The tension comes to a head when the group discovers some of Fury’s ulterior motives, creating a particularly obnoxious scene where each of the characters is bickering with one another, all the while their massive air station/aircraft carrier/submarine/fighter plane (God help us if the government actually builds one of these things) gets infiltrated by some of Loki’s henchmen.
With so much brainpower and artillery to boot aboard that vessel, it’s a particularly lazy stretch to imagine it being taken over with such ease, as the superheroes are engaging in pissing contest.
Hey fellas, who’s watching the store?
Ruffalo plays a subdued version of Bruce Banner, who’s own brilliance creates intriguing and metaphoric dialogue with Stark. Banner is teeming with anxiety, not wanting to let out the inevitable chaos that comes with the “enormous green rage monster” as Stark calls him.
But knowing that at some point The Hulk will be unleashed is one of the most thrilling moments of suspense in the film.
Thor offers a particularly wooden performance until the movie’s final battle scene begins to escalate. Renner’s take on Hawkeye, as well as Johansson’s Black Widow, are well played, but don’t elicit the same “geeked out” anticipation as their colleagues, as they are merely trained assassins with no particular super hero powers.
To Whedon’s credit, the movie is accessible for those who are coming into the worlds of these characters for the first time. However, there are enough allusions to the comic book realm, and enough authentic storytelling to satisfy even the most rabid of fan boys.
Another aspect of the movie that is particularly appealing is the humor displayed by multiple characters. Stark obviously leads the pack in this way, delivering line after line of witty, snarky (or should we say “Starky”) dialogue. But even the stoic Thor uncharacteristically “drops the comedy hammer” (see what I did there?) at one point.
The best sequence of the movie happens at its climactic battle scene, when Loki opens another inter-dimensional portal, releasing his army of minions that are unique to say the least (imagine if the creepy flying monkeys from Wizard of Oz mutated with Decepticons, and that’s pretty much what you get).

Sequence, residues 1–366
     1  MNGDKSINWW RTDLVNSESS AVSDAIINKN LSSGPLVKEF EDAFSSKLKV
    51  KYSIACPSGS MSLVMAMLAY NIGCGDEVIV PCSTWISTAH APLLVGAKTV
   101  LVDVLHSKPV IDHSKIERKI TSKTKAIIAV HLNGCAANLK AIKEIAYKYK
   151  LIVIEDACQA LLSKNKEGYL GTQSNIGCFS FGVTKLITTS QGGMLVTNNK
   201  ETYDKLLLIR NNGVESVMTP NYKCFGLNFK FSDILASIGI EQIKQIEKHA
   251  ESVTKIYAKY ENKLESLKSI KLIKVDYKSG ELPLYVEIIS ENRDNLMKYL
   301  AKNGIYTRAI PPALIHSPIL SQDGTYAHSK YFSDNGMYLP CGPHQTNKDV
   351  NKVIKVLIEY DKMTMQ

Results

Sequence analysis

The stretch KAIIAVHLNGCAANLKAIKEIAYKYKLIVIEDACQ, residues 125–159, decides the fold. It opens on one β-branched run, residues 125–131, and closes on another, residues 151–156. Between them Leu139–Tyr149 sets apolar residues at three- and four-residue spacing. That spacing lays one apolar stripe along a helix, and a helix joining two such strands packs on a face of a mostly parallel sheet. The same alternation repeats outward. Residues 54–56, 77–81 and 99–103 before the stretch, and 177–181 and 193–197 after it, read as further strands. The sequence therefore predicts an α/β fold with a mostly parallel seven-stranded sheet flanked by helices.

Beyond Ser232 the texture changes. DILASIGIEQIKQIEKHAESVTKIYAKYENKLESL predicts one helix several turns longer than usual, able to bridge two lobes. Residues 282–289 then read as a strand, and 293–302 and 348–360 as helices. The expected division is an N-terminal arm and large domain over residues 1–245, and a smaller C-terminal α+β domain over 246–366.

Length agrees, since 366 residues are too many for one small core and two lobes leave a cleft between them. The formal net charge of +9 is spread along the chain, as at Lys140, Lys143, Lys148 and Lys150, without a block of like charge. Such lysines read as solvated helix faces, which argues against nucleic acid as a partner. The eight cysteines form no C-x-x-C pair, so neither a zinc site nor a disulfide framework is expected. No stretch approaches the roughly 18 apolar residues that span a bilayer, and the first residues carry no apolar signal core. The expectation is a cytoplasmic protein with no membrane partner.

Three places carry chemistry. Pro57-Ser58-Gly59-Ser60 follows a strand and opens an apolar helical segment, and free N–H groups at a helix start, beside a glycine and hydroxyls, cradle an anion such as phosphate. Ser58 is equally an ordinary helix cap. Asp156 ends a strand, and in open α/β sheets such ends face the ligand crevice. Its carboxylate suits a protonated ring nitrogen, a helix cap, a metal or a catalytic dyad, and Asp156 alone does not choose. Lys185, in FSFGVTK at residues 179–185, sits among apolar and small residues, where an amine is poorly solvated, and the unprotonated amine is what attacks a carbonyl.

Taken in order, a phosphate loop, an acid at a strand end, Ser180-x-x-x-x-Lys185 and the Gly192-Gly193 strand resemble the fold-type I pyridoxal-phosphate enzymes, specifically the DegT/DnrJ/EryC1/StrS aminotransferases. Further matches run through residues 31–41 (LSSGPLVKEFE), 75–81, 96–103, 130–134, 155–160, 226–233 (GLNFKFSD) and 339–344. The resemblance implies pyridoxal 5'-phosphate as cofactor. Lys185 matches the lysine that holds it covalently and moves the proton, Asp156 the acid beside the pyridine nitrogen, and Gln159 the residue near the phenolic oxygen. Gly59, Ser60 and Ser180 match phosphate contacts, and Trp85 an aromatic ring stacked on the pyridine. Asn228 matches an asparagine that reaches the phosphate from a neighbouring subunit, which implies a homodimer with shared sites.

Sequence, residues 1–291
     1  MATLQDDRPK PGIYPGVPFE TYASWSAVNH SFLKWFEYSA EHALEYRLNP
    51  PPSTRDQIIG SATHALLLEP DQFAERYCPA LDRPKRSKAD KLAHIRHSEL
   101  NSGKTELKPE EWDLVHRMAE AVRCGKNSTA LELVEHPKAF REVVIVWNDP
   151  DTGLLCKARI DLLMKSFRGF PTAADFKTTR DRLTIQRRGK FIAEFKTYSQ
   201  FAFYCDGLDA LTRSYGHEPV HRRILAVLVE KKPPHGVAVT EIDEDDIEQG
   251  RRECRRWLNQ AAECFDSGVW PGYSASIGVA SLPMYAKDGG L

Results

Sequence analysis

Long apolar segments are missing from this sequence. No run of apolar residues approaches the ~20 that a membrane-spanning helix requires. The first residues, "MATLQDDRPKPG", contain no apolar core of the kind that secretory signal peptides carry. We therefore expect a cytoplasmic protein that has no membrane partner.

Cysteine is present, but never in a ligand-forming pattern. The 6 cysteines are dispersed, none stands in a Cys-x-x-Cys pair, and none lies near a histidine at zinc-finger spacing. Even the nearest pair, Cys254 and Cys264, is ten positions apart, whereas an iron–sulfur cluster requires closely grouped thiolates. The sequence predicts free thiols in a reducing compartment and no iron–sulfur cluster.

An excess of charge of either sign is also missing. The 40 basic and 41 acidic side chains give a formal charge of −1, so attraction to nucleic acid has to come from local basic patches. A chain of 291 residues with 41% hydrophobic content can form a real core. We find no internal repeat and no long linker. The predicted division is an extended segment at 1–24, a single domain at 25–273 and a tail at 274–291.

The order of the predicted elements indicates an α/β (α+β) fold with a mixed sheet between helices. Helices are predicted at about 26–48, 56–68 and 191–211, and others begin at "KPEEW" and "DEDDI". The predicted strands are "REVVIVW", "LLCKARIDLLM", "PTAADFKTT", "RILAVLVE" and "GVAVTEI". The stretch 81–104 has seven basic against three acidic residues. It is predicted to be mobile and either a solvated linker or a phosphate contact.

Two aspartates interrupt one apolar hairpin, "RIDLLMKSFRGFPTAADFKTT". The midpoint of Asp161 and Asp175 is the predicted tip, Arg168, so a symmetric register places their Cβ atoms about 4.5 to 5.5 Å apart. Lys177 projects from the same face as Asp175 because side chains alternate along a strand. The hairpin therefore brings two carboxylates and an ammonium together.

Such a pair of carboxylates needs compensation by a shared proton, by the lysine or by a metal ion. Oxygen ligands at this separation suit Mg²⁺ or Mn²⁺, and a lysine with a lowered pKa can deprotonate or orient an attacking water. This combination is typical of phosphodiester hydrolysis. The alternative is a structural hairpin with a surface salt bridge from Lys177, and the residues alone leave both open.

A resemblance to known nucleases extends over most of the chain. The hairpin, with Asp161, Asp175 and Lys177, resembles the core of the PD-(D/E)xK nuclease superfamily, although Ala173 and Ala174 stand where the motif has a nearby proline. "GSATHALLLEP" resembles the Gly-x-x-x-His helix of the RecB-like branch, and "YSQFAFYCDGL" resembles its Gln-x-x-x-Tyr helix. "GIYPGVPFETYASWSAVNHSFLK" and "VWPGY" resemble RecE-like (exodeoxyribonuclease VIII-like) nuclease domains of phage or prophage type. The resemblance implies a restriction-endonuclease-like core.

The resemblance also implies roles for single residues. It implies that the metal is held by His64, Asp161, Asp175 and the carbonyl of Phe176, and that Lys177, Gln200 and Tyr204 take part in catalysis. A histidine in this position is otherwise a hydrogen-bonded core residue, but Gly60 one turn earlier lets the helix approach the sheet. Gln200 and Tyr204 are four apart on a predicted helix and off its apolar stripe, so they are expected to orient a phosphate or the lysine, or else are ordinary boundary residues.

The Avengers soon realize that in order to win, they need to put aside their egos and agendas and work together to take down Loki’s army. In the midst of destroying nearly every square inch of mid-town Manhattan, the group finally becomes one, and the rest is, as they say…
Seeing Captain America take charge, bring the group together, and set up an attack strategy is a microcosm of what The Avengers are at its core – five (in the case, six) fingers, coming together to make a fist. His delegation and leadership is capped off by two simple words, which he utters to the bulging green giant: “Hulk. Smash.”
In the end, the movie pretty much accomplishes what it should. It’s almost 2.5 hours that seems like 1.5. It’s engaging, engrossing, and an experience worth your $12. And if you are a fanatic – and the raucous applause and screaming as the credits came during the screening illustrates that there are tons of you out there – there’s plenty to be excited about.
Stay through the credits and you’ll get a sneak peek hint of the first of (probably) many sequels.
Whedon and Marvel should be proud of what they have created: the latest box office juggernaut.